Hopefully Pinterest gets better at the social networking and interaction features on their platform, but until then, we play with the hand we’re dealt. If you are interested in building a relationship with the people you follow, leave comments on pins when you can, and consider connecting with them on other platforms (like their blog, email list, Twitter, Facebook, Google+, etc.) so you can interact with them and continue to share ideas.

Content Curation

Curating content is the whole point of Pinterest. On the personal side, you would curate things that are of interest to you. On the business side, you can curate your own content into a single, easy-to-find place that you can promote. More on that later, but as an example, here’s a board I set up to show all the Hangouts On Air I’m appearing on each week. Since pins can exist on several boards at once, you can also get very specific and targeted with the type of board you create.

Structured Data

If there’s one thing that made me realize the impact Pinterest was making on the search and online marketing world, it was its continuous adoption of structured data.

What is structured data? It’s a way to mark up your web page into sections that tell search engines and applications what kind of content is on the page. By example, let’s take a recipe for Buffalo Cauliflower Bites (these are so good by the way). On one hand, the web page with this recipe is a single page with lots of words and a picture. On the other hand, it is also:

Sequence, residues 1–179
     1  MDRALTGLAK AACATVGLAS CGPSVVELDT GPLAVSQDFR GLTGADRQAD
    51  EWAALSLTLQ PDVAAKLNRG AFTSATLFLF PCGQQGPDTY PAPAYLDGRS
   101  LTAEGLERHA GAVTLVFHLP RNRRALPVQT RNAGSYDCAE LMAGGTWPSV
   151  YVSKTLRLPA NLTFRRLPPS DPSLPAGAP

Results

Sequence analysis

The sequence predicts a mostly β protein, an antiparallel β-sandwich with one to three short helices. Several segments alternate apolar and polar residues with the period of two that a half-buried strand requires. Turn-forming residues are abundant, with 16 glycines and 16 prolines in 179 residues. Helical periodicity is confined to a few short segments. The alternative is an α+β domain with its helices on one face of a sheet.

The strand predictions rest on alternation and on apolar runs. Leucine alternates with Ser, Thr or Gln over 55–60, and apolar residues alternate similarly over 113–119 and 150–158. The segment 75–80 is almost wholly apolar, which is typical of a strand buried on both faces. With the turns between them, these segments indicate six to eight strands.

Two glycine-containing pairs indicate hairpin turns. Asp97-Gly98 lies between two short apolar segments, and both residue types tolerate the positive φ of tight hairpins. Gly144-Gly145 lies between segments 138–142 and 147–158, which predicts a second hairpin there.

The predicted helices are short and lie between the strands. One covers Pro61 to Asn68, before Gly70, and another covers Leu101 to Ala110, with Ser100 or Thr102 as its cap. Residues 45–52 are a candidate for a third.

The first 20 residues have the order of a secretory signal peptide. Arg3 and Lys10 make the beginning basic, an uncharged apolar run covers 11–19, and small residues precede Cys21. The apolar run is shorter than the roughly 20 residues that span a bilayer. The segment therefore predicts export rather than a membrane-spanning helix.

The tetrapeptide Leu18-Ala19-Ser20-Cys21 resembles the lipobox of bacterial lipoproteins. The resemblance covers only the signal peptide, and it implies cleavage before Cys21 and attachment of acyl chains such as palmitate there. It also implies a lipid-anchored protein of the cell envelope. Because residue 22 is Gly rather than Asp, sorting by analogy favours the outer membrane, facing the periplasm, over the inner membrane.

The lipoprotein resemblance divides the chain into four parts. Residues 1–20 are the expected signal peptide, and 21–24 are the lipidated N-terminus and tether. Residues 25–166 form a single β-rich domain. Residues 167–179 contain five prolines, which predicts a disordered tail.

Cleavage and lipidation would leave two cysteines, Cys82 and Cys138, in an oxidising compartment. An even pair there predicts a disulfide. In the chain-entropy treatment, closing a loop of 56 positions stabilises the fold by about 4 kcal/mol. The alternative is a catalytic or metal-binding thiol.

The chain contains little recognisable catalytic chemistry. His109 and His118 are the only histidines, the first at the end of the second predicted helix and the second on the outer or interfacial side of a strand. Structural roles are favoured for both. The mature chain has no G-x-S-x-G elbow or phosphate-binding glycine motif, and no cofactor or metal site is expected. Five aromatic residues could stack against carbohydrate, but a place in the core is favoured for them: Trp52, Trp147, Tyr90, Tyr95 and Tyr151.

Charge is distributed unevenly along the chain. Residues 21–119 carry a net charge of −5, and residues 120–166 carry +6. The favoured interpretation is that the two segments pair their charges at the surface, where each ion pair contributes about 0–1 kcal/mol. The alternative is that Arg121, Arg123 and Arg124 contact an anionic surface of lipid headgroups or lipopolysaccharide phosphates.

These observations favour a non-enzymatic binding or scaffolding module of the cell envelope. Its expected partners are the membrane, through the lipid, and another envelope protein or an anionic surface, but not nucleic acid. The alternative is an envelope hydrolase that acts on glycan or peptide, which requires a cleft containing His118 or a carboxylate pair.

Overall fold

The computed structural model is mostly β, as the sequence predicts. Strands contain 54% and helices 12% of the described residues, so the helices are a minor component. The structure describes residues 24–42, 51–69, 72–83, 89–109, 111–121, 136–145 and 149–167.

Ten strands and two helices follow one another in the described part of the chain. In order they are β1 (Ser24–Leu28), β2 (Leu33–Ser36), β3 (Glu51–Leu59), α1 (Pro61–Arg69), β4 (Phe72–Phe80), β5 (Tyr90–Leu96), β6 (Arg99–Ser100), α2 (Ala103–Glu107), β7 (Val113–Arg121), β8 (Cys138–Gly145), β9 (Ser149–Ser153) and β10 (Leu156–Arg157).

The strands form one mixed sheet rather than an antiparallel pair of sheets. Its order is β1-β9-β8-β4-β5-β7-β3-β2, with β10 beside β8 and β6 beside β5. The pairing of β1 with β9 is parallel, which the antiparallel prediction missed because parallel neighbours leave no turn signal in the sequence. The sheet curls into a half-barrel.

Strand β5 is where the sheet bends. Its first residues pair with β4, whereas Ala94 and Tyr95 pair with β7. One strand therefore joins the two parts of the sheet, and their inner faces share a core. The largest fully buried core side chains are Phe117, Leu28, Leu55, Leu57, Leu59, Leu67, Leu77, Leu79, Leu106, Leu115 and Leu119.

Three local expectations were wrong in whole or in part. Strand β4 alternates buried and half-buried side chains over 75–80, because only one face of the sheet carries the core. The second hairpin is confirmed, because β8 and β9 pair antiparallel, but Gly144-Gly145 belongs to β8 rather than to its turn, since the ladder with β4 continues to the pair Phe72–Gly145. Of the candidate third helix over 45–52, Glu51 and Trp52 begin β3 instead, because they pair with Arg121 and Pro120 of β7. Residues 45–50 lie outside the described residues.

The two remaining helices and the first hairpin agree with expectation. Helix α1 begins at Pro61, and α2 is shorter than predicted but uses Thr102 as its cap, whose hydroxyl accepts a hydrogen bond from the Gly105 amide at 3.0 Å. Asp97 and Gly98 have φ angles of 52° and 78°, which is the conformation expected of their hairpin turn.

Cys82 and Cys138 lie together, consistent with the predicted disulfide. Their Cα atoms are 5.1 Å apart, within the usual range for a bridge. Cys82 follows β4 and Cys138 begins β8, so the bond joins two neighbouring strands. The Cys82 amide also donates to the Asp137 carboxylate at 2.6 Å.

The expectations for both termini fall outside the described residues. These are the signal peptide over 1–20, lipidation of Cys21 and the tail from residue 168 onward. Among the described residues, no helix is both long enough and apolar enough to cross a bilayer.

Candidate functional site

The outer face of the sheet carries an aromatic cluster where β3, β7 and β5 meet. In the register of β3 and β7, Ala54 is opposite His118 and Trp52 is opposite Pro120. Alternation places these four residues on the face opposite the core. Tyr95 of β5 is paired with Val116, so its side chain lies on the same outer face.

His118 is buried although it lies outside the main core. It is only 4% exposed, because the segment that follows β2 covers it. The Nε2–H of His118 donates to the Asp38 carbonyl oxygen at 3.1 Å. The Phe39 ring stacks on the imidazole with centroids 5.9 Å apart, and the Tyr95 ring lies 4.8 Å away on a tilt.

• An ingredients list
  • A photo
  • Reviews
  • Directions
  • Commentary

Now, if the web page contains structured data markup that defines each of those sections as parts of a whole, a search engine can store the entire web page, and the sections within, more efficiently.

Why does this matter? Watch: let’s say you searched for “healthy alternative to buffalo wings”, the structured data in the recipe above would actually help the search engine recommend your recipe, as follows:

  • It knows hot sauce is an ingredient in buffalo wings, and your recipe has hot sauce listed as an ingredient
  • You said at some point in your commentary that this is a healthy alternative to buffalo wings
  • The directions reference a light dredging in flour, so the hot sauce wasn’t part of a dip or anything, and the prep is similar to buffalo wings
  • Lots of people gave this recipe a good review

In a non-structured search environment, you would have to rely on your web page having lots of traditional search engine optimization techniques, like tons of references to buffalo wings on the page. But, this is a recipe for buffalo cauliflower bites, not wings.